character lives on.
the late 1870s, more than 500 miners lived in cabins and
lean-tos actually on the mountain, making their commute to
work short and sweet. Others lived in the town of Aspen
Prohibition, because they couldn’t drink and carouse as
they chipped away for silver veins, they ordered up
"milkshakes" secretly spiked with bourbon at the
Hotel Jerome. Happily for us, the hotel and adjacent J Bar
are still hopping today, and you can still order one of
those special shakes, called Aspen Crud. Even if you skip
the drink (but why do that?), it’s worth stepping into
the Jerome’s lobby, which once doubled as the town’s
post office. It’s a splendid mix of luxury and Old West.
the silver industry faded, the town struck gold with the
launch of Aspen’s fledgling ski industry in the 1940s.
Local historian Tom Egan toured us around the mountain,
pointing out the site of the first ski lift — a single
chair with a blanket for draping over your lap — and
other highlights. Today, eight lifts, including a heated
gondola, whisk skiers and boarders up the mountain, where
they can choose from 76 routes down.
is just one of four ski resorts that operate in the area,
and you can ride a free shuttle between all of them.
Buttermilk, which caters to beginners, opened in the late
1950s, as did the Highlands, with its more challenging
terrain. The sprawling resort of Snowmass began operations
Ajax Mountain at Aspen is an original, a stellar, compact
675 acres packed with glades, bumps and steeps where you
can work out all the kinks that come with sitting at a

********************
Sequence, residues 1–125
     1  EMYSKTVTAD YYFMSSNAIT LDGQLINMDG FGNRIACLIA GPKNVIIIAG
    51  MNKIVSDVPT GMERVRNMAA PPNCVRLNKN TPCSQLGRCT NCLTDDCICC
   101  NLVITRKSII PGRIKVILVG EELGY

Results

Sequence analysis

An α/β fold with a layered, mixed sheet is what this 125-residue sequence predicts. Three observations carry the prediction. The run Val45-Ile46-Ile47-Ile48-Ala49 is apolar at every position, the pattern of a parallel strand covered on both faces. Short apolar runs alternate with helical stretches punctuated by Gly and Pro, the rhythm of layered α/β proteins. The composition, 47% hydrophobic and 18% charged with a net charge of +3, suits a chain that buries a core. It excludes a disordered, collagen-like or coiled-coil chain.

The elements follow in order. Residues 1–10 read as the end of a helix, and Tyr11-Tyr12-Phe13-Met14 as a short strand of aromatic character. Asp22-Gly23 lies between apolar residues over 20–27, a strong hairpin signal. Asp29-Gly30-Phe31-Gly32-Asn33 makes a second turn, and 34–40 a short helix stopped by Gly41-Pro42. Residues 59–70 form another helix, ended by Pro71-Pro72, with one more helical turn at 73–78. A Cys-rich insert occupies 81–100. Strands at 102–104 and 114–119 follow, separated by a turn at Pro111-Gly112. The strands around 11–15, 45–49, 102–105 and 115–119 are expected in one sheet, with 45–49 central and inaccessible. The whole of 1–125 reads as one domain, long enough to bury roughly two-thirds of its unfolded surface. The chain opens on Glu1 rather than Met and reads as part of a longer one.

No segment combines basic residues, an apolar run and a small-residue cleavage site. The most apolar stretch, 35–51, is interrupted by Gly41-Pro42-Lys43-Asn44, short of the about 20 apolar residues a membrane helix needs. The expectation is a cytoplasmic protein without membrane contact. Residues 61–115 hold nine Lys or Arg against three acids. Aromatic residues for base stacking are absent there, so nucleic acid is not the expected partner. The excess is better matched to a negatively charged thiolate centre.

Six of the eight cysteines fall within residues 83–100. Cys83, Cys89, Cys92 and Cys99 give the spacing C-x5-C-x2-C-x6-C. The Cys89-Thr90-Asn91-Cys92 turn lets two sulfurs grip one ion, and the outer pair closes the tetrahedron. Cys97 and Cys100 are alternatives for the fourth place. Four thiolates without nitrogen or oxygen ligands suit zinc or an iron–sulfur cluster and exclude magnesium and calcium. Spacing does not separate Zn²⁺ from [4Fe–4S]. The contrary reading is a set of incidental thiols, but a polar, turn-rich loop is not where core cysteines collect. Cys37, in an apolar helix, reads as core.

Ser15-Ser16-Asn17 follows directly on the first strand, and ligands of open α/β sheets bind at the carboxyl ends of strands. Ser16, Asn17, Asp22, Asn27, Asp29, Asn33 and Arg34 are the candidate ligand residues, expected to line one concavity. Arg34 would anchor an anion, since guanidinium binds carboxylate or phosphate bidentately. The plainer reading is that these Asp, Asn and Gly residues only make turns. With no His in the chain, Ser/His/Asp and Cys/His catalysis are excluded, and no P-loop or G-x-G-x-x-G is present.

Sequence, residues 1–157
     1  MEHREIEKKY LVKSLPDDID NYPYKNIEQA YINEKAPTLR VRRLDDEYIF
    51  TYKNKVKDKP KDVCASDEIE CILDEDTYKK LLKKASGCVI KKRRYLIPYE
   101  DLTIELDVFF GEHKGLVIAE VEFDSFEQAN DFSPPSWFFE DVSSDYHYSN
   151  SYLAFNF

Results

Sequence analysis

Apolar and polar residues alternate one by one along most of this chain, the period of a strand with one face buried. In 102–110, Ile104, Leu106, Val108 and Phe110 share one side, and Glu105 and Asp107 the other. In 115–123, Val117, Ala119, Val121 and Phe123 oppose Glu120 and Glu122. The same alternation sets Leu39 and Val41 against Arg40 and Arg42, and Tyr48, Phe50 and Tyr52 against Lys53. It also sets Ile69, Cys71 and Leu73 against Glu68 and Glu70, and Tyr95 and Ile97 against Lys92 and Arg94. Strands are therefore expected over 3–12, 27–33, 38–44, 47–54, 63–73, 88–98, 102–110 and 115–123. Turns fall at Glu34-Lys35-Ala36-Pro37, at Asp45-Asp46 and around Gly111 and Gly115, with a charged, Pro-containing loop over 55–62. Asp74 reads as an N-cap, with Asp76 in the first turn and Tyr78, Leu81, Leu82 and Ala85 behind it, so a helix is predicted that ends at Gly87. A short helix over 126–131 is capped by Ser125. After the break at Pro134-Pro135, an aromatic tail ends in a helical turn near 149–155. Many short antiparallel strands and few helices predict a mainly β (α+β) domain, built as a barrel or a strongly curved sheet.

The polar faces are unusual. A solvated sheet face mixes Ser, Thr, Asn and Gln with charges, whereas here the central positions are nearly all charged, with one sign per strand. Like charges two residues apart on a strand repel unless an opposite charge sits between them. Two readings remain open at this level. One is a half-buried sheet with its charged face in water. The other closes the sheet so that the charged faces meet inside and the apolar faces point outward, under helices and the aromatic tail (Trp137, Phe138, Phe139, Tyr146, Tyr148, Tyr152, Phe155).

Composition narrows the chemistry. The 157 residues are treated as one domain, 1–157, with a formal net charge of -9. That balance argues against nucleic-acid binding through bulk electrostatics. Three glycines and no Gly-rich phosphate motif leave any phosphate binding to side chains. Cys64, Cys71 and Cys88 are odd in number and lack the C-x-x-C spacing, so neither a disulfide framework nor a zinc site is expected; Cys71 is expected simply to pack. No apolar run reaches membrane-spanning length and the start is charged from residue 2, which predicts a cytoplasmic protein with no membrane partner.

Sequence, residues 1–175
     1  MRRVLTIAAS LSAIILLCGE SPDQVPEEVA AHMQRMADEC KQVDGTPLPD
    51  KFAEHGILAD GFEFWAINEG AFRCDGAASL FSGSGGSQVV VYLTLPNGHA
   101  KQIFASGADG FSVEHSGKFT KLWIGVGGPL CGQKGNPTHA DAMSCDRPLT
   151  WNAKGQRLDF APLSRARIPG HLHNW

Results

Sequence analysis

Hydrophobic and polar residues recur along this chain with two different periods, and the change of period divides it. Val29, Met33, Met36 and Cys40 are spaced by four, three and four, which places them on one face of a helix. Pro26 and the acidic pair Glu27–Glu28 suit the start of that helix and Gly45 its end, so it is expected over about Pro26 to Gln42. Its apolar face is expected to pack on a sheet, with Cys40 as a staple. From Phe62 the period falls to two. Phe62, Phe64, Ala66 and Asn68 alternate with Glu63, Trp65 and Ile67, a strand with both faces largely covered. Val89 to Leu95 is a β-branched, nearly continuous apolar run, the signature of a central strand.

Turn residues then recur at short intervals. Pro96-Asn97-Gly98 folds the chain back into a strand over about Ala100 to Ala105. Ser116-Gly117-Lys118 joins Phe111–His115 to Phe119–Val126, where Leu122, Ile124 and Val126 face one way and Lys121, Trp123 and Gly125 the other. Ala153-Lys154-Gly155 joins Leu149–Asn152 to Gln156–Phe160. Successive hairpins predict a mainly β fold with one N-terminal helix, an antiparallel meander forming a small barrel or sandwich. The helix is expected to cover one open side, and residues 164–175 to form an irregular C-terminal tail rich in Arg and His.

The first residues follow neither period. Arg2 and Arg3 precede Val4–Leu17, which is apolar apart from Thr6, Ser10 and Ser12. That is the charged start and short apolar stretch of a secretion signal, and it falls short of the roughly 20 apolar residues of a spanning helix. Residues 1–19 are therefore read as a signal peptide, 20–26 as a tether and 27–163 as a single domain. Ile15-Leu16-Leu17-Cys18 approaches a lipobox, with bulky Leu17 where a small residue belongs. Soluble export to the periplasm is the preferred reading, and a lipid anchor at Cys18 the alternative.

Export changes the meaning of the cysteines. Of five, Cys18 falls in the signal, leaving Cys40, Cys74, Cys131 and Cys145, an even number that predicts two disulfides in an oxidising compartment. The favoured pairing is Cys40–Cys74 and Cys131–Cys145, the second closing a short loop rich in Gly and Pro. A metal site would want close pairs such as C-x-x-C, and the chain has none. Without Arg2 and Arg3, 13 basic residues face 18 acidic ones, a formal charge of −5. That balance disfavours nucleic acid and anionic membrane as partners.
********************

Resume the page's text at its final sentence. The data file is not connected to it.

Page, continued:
desk all day.
half the mountain’s runs are marked expert only. The
good news if you’ve got skiers of lesser ability in your
crew? They can pop over to Buttermilk while you tackle the
steeps, and everyone can meet up and swap tales afterward.
be sure you tell them about the shrines you uncovered
during your explorations.
tickets start at $129 per day for adults (discount for
multiple days) online in advance and are good at Aspen,
Aspen Highlands, Snowmass and Buttermilk.
Wood’s book about the Aspen shrines, "Sanctuaries
in the Snow," is available by sending a $24 payment
(shipping included) via PayPal to davidwoodlaw(at)aol.com.
Include name and mailing address. Profits are donated to a
local scholarship fund. Learn more about the shrines on
Facebook at http://tinyurl.com/kmoyvec.
fancy meal: Element 47 at the Little Nell, where dinner
for two will set you back upward of $150.
value meal: The Red Onion, the oldest saloon in town,
where you can get burgers, French onion soup or a heaping
plate of nachos for about $12.
bar: The J Bar at the Hotel Jerome.
more information: www.aspensnowmass.com
to go skiing but don’t want to plan?
Skiers & Boarders, a non-profit social club, organizes
seven or eight ski trips each year. The club, which formed
about 45 years ago, offers domestic and international
destinations. You don’t need to know how to ski to join.
is $35 for an individual or $45 for family. That allows
you to sign up for any of the group’s trips, which are
usually a week long. You pay separately for the trips, but
prices are reasonable and include airfare, ground
transportation and lodging. Lift tickets are priced
more information go to austinskiers.org or email